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What the 2010s taught us about women in space

14 Jan 2020, 15:37 UTC
What the 2010s taught us about women in space
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Astronauts Christina Koch and Jessica Meir captured the world’s attention with their historic all-woman space walk at the end of 2019. The 2020s is beginning with the duo scheduled to repeat their historic first twice more by the end of January. Is the future of spaceflight female?
If popular culture mirrors society, it is clear society craves more women in science, engineering, and space — not in skimpy skirts and silent roles, but as central characters that drive the story. Hidden Figures, a 2016 movie based on the book by the same name, told us the forgotten story of three African American women who helped launch John Glenn into orbit during America’s Jim Crow era.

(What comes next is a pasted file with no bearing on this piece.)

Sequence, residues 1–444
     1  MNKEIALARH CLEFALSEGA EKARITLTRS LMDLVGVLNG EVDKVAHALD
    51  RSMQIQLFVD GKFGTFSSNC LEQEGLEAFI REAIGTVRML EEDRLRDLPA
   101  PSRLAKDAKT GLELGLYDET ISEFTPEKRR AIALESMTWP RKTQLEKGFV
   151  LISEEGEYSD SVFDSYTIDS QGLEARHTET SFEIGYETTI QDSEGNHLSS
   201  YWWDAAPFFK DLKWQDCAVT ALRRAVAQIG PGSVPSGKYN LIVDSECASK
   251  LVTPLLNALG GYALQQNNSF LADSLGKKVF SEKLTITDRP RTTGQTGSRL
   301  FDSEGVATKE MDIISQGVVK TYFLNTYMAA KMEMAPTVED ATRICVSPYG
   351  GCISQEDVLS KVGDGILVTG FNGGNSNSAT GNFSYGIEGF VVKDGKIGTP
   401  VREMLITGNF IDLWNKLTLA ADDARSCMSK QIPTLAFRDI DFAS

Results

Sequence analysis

Half a century later, their contributions finally got the recognition they deserve: the movie was nominated for three Oscar awards in 2017, the street in front of NASA’s headquarters in Washington was renamed Hidden Figures Way last summer, and Katherine Johnson, Dorothy Vaughan and Mary Jackson received Congressional Gold Medals last fall.
During the 2010s, the Hollywood blockbusters Interstellar, Gravity, and Arrival all featured women in leading roles as scientists and astronauts. For All Mankind, an Apple TV+ show that debuted last fall, and the ...

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